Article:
Updated Dry Sink – Spring Paint

We are one step closer to Spring – the clocks have been turned ahead and I will take an hour less sleep if it means that it will be warmer soon! This next redo was an attempt at willing spring to arrive more speedily – it’s a nice pastel green, that means it must be nearly spring, right?!

My sweet neighbor sent me a note the other day to tell me that she was getting rid of a dry sink, and I was welcome to it. It was a dated, dark pine and although sturdy, had seen better days. Truth be told, I’ve never quite understood dry sinks… I understand their practical and historical, pre-plumbing use, but I don’t get the reproductions. They defy some rule in my subconscious… Anyhow, it was free and since I wasn’t keeping it, it didn’t really matter whether I “get them” or not. And if the new owner didn’t get the dry sink concept either, it could be used as a springtime potting bench! (I’m really trying, can you tell? Spring will get here!)

So I started with this…

There was a little wooden plug missing in the front, so I popped one off the back and replaced it. I figured no one would miss it there. After mixing up a custom color using The Old Fashioned Milk Paint Company’s Milk Paint Base, blue, green, and white acrylic paints, I gave it two coats and waited for it to dry.  If you would like to know how to make any color of your own milk paint, I posted instructions here.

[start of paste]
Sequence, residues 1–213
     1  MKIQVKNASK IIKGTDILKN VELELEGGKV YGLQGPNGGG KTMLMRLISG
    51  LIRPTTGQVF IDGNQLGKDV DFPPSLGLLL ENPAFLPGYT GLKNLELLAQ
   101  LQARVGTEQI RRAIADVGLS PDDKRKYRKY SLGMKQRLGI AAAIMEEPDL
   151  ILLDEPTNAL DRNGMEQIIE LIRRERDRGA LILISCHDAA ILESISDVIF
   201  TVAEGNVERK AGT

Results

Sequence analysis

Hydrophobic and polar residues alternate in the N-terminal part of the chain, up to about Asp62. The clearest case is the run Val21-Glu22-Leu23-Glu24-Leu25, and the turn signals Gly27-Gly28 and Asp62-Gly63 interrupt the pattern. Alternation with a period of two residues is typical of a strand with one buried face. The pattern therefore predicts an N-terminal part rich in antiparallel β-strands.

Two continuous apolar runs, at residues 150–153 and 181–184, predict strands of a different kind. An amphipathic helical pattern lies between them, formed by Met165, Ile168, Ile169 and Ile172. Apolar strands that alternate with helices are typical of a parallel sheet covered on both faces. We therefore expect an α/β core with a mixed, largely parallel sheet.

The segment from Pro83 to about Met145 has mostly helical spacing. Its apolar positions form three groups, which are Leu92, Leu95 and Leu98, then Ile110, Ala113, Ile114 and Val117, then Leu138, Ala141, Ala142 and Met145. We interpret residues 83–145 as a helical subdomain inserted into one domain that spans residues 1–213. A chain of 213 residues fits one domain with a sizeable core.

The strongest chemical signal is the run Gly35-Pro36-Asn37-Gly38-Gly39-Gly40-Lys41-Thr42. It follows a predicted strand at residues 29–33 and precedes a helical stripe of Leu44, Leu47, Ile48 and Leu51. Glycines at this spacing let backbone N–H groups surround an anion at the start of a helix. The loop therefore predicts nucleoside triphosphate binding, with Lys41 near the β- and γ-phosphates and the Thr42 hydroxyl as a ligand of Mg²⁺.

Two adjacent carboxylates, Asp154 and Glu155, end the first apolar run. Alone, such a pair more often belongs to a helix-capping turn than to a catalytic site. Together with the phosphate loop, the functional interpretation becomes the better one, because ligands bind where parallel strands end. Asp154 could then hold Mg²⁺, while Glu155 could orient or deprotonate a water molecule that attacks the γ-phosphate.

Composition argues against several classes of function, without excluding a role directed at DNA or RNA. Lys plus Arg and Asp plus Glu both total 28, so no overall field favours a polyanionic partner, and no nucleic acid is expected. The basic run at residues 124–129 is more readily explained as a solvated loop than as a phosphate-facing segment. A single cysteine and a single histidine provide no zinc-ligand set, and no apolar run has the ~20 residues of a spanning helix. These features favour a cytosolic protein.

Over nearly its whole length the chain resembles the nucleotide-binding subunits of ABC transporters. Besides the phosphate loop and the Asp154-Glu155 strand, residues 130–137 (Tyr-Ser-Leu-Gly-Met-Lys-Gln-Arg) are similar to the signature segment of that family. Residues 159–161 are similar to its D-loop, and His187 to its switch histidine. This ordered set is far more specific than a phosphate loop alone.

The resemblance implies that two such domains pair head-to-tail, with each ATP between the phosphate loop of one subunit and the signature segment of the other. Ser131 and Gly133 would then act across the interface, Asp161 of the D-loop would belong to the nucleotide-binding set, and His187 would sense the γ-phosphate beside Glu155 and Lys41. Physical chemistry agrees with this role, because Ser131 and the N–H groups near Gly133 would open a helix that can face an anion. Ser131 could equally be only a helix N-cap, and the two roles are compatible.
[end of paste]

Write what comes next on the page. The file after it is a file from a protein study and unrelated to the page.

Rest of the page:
Even if for nothing else, this could be one of the biggest reasons I love milk paint – it dries so quickly. The first coat dries within minutes, the second takes a bit longer, but is generally workable within an hour or so. I don’t very often go past the second coat – I find that it just starts to pull up your paint after that. Not always, but enough, and two coats usually gives the aged finish I’m looking for.  This picture was after the first coat was applied.  The lighter colored areas are dry – it always looks fairly ugly after the first coat.

While the paint was drying, I cut and secured a pretty vintage paper for the drawer liner. Once the paint dried, I went to it with my scraper, knocking off any areas that were open to chipping. A quick coat of clear paste wax and this baby was done! I put the original knobs back on – previously they looked tired, but with the green, they popped and look fresh.

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